Good point about the dearth of medieval European double bladed axes though. I think there actually were quite a few in use, though I think they would have been of the smaller, melee axe variety, and not the huge double blades battle axes that we see commonly protrayed.

    It would also explain why big double blades Axes seemed to be almost considered barbaric weapons in Medieval Europe, since the primary wielders of those kinds of axes would have primarily been “Barbarians from foreign lands”… (Anyone get the really bad Conan reference? 🙂 )

  5. 5 Niccolo
    August 22, 2008 at 4:51 am

    Well… if you trace them, these would be courtesy of the vikings. And for sheer randomness, so are the dwarves.

    Big chunky battle-axes and dwarves go together like chocolate and more chocolate, because big chunky battle-axes and vikings mix with similar consistency. The dwarves are based on Vikings.. or are from viking mythology, I can’t remember which… but it explains the beer-swillingness, the desire for helms with pointy horns and the love of carnage.

    Though where the caves came from, I haven’t the foggiest. (I think that part miiiight be the Viking mythos speaking, but hey)

  6. August 25, 2008 at 2:23 am

    Ah… Good ol vikings… Though it’s still baffling how you get a cave dwelling creature from a sea faring culture…

    Also… I think I mixed up my bad references… I think the Conan reference was meant to be a Kull reference… Or was it a Quartermain reference… OK, Just ignore me…

  7. 7 Crosseyes
    August 25, 2008 at 9:59 am

    The dwarves are mainly metal-workers living in a tundra-esque landscape, so in order to both escape the cold AND be closer to their precious metals they went underground

    Thanks a bunch World Of Warcraft 😀

  8. 8 MoZZA
    August 25, 2008 at 10:33 am

    youve just buggered up there lol, the vikings NEVER wore helmets with pointy horns or wings, i think its something to do with the blades getting caught imbetween them during battle. and the dwarves come from the mind of tolkein and celtic mythology, although they were based on the norwegian and scandinavian barbarians that hardly ever raped (another stereotypical unfair description of the vikings) the beserkers who did most of the raping were more or less the social outcasts of the vikings although they were very effective in battle due to their uncontrolable rage.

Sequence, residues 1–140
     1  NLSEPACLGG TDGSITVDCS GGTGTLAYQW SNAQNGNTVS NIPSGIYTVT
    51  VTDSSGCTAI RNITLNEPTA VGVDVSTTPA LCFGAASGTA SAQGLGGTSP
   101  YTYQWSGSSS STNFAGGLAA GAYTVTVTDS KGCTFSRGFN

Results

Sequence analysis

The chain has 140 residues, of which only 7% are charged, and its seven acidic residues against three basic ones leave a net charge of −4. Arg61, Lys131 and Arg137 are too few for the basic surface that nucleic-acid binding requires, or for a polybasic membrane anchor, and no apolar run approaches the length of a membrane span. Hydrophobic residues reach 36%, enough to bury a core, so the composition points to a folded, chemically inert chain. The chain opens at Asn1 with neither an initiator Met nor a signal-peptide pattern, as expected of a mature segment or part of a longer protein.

so yeah, as far as no-frills-axes i rather quite like the simple but AWESOME look of the Pirela LMAX Modular Axe its a very simple design but i imagine it would be sturdy and have a nice tactical “move-out-my-way-im-the-militia” type feel to it

  9. August 26, 2008 at 11:42 pm


    I think Crosseyes is quoting D&D lore now… LOL

    Though your answer raises a thorny philosophical question: If the vikings never wore horns because thier weapons would get caught on them during battle, then at some point they had to have been wearing horns in order to make that particular discovery right? 😛

    PS. The Berserkers were freaking crazy lunatic madmen… But good to have in battle…

  10. 10 MoZZA
    September 16, 2008 at 12:24 pm

    well there is no real evidence of them getting cuaght in battle , just my opinion, but no helmet discovered from the viking era including the sutton hoo helmet has had horns!

  11. September 17, 2008 at 11:57 pm

    LOL Yeah, I know, I was just trying to be a smartass… I phail… LOL

  12. 12 MoZZA - the urban sasquatch
    September 18, 2008 at 6:55 am

    awwwh poor big balrog (hugs)LOL